Adam Liptak at the New York Times: Justices Seem Sympathetic to Central Part of Arizona Law.
Justices across the ideological spectrum appeared inclined on Wednesday to uphold a controversial part of Arizona’s aggressive 2010 immigration law, based on their questions at a Supreme Court argument.
“You can see it’s not selling very well,” Justice Sonia Sotomayor, a member of the court’s liberal wing and its first Hispanic justice, told Solicitor General Donald B. Verrilli Jr., referring to a central part of his argument against the measure.
The Supreme Court justices, hearing arguments Wednesday over Arizona’s tough immigration law, suggested they were inclined to uphold parts of the state’s law but may block other parts.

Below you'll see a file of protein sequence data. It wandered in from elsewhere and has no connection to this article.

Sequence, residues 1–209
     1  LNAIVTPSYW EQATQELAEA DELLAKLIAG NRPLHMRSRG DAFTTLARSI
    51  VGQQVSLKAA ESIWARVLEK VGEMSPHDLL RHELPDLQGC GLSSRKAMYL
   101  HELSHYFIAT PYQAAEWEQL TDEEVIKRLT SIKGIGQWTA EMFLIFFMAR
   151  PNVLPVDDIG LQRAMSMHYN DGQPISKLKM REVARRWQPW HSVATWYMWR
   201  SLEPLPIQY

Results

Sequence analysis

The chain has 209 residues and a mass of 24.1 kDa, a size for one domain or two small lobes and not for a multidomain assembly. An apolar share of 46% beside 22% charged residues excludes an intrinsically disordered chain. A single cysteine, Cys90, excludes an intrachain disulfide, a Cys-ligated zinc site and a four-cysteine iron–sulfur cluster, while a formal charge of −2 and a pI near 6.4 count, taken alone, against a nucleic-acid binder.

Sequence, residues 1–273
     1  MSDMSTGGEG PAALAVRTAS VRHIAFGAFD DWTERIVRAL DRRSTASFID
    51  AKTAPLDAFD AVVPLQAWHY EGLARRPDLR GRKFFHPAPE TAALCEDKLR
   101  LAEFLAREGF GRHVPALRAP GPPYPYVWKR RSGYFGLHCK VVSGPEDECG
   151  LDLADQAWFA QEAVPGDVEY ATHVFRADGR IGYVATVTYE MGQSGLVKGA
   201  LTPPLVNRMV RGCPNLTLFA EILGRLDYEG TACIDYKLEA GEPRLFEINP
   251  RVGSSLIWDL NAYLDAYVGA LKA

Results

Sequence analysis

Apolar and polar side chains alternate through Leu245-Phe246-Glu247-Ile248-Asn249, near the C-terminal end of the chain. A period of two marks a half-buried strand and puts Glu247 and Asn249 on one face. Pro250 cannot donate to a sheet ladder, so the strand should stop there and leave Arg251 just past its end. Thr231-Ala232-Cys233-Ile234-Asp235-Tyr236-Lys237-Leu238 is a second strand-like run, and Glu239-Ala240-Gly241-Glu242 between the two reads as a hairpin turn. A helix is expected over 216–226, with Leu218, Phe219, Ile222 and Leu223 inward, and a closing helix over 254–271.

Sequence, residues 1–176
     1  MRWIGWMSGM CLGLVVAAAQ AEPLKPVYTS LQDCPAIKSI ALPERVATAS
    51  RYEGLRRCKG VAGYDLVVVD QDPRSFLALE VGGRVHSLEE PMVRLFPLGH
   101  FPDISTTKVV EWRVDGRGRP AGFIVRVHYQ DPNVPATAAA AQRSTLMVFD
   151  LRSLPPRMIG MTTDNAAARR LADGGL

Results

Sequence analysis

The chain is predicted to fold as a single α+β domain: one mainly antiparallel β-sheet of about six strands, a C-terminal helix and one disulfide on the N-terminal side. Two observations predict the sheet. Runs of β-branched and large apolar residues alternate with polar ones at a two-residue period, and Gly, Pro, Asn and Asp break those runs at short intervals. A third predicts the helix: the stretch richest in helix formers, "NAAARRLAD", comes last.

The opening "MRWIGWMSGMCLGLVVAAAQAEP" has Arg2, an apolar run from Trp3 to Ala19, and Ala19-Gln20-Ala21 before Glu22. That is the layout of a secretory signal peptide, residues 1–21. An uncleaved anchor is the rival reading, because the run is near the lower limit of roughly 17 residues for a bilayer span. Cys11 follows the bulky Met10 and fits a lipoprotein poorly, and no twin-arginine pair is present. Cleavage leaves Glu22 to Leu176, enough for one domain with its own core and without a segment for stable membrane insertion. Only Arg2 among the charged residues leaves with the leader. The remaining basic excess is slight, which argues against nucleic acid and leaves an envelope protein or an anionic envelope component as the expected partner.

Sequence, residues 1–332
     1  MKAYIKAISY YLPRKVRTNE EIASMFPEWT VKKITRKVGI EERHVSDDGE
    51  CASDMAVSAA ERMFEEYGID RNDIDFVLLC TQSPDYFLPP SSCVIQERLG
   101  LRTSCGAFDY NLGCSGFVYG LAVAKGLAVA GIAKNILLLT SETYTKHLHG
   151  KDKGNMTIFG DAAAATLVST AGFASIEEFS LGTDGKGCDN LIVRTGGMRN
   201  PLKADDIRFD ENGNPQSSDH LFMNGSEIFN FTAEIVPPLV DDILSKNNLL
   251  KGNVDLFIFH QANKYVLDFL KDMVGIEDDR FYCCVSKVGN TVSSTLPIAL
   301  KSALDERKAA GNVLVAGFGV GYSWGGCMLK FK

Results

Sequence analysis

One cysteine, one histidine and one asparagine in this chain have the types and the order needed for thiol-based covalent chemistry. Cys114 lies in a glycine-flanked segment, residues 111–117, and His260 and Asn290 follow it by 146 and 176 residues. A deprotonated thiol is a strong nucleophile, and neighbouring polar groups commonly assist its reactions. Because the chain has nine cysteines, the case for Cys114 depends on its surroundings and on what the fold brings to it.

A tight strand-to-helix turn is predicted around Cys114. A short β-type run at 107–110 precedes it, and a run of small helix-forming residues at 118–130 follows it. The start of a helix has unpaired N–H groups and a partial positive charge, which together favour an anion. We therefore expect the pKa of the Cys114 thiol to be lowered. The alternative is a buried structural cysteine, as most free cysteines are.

The Obama administration lawyer who wanted the entire law struck down ran into skeptical questions from most of the justices, who said they saw no problem with requiring police officers to check the immigration status of people who are stopped.
But the justices also said they were troubled by parts of the Arizona law that made it a state crime for illegal immigrants to not carry documents or seek work. The stop-and-arrest provision has been the most contested part of the law.
Inside, court members voiced skepticism about parts of the Arizona law, including penalties on illegal immigrants who seek jobs. Still, the justices made clear they see states as having a role to play in addressing the presence of what the government has estimated is 11.5 million unauthorized aliens in the U.S.
“What does sovereignty mean if it does not include the ability to defend your borders?” Justice Antonin Scalia said during the 80-minute session, which ran 20 minutes beyond its scheduled time.
The transcript of the oral argument is here. I have not had time to read it.